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World Trade Centre flag
Director Craddock Morton with an Australian flag retrieved from the World Trade Centre ruins.
Photo: George Serras.

The NHC originally comprised objects transferred to the Museum by the Federal Government following the Museum's establishment in 1980. These were mostly from the former Australian Institute of Anatomy, the former Institute of Aboriginal Studies, the University of Sydney as well as a number of government departments and agencies. Since 1980 the Museum has acquired objects through donations, sponsorship and purchase.

This year was extremely productive for the collections development program. In the 2004 budget, the Federal Government announced that the Museum would receive $1 million per year for acquisitions. With this injection of funds, the Museum was able to secure iconic, compelling artefacts for the NHC, and will have the means to do so in the future.

New acquisitions

Michelle Downes with the crown she wore as Miss Australia 1973.
Michelle Downes with the crown she wore as Miss Australia 1973. Photo: Dean McNicoll.

Council approved 108 significant collections during the year for inclusion in the NHC, the details of which are in Appendix 3. Important objects acquired through purchase or gift this year included:

  • the first-ever Holden, the No. 1 Prototype, constructed in Detroit as the definitive model for millions of Holden cars
  • the No. 215 Holden, believed to be the first FX model commercially sold in Australia, bought by famous Australian industrialist Essington Lewis
  • an Australian flag retrieved from the ruins of the World Trade Centre, New York, following the terrorist attacks of 11 September 2001. The flag was salvaged by a police officer and presented to Australia's Consul-General in New York
  • the Royal Agricultural Society Challenge Shield (the Dally Messenger Shield), rugby league's first major prize (awarded 1908-1913)
  • a work by the nineteenth-century Aboriginal artist William Barak
  • the crown awarded to three decades of Miss Australia Quest winners, to feature in an upcoming Museum travelling exhibition
  • four land grants from the colony of New South Wales
  • Evonne Goolagong Cawley's Wimbledon trophies for 1971 and 1980 (singles) and 1974 (doubles); the tennis racquets she used in the 1971 and 1980 finals, and her tennis dress from the 1971 tournament
  • a silver tankard presented to AC Bannerman for the 1880 Ashes cricket tour.

A major gift

Photo in the Springfield family museum
Registration Manager Carol Cooper and Pamela and Jim Maple-Brown in the Springfield family museum.
Photo: George Serras.

In November 2004, one of the biggest and best-documented collections on the history of a major rural property was donated to the Museum. The collection is from Springfield, a large wool growing property near Goulburn, New South Wales, that had remained in the same family since it was established in the 1820s. The collection includes a range of material highlighting both the pastoral economy (for example, shearing equipment, wool samples and framed photos of stud rams) and the everyday lives of the property owners, the Faithfull and Maple-Brown families.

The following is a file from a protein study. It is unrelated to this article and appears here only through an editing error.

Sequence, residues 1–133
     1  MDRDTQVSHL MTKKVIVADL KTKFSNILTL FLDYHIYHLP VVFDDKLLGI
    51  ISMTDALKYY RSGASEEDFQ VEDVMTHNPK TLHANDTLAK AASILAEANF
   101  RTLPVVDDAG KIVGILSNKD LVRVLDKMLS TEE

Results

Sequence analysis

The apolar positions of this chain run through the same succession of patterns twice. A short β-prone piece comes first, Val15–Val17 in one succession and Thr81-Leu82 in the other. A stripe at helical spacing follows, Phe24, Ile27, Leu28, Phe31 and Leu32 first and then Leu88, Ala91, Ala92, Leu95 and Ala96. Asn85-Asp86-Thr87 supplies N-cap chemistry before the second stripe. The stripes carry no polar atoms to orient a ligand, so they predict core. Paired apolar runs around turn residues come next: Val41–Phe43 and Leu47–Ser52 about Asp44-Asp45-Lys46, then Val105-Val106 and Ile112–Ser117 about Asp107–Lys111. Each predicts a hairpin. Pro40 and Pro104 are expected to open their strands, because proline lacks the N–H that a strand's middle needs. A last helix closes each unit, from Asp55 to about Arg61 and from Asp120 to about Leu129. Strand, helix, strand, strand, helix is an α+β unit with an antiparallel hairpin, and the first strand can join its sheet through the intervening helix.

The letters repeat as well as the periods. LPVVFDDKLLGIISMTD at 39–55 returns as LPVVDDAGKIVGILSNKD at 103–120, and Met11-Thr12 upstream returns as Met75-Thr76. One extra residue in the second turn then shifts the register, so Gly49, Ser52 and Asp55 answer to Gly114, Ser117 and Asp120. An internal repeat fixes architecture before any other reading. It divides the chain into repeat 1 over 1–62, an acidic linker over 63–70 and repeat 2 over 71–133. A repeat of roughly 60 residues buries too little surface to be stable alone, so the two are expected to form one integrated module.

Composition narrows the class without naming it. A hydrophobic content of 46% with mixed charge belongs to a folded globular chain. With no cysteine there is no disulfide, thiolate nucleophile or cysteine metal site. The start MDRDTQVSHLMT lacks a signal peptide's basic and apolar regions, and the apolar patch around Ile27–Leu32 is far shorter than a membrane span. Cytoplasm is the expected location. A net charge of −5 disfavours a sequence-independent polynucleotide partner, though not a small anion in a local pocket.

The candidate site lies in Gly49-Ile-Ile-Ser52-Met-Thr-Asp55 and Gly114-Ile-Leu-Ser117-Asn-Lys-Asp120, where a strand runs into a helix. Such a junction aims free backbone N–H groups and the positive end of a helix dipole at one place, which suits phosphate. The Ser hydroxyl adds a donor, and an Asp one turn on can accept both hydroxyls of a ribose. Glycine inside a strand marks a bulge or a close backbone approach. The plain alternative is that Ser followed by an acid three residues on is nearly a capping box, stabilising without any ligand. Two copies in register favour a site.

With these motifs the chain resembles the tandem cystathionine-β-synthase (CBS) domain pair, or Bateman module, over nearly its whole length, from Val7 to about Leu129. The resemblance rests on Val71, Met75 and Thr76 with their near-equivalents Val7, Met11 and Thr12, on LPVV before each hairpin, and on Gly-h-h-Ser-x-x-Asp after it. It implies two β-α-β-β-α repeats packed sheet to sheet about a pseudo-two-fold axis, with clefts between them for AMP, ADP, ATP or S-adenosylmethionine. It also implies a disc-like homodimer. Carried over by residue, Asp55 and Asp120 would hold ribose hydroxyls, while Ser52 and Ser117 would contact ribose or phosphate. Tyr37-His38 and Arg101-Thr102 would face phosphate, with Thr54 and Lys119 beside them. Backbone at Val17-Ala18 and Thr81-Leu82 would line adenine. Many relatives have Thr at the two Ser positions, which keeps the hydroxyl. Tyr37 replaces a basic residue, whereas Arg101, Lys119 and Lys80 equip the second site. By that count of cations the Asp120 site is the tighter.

Following the announcement of the gift, a team of curatorial and collections staff spent several weeks at Springfield packing and documenting nearly 2000 objects. The collection was transported to the Museum's Mitchell repositories where for the first six months of 2005 it was carefully listed and prepared for valuation as part of the Government's Department of Communications, Information Technology and the Arts (DCITA) Cultural Gifts Program.

In late June 2005, Jim Maple-Brown and his sister Diana Boyd signed the Museum's Deed of Gift and the Certificate of Donation for the Springfield gift. The collection will go before the DCITA committee at its meeting in October 2005. When legal title to the collection has passed to the Museum, staff will prepare the objects for exhibition both within the permanent galleries and as part of a forthcoming exhibition on the history of the Museum's collections.

Collections policy

The quality and relevance of the Museum's collections development program is dependent on a strong foundation of policy, documentation and practice. In the course of the year the Collections Development section revised the Museum's Collections development policy (approved by Council in November 2004) and established new targeted collecting guidelines to build holdings in identified areas. New processes were developed for proposing and documenting acquisitions and work began to revise the Collections Development Framework to guide day-to-day collecting activities.

Another task was to determine priorities in collections work across the Museum. A series of workshops identified six key projects to address needs in collections acquisition, documentation, storage, conservation, and in exhibitions and public access to collections. These projects will be ongoing throughout the coming years.

The Museum strives to build collections that are nationally significant, in line with its legislative responsibilities. It seeks objects, documents, images and other materials that have rich associations and communicative power, while representing the thematic and geographic breadth of Australian history...
Collections Development policy, November 2004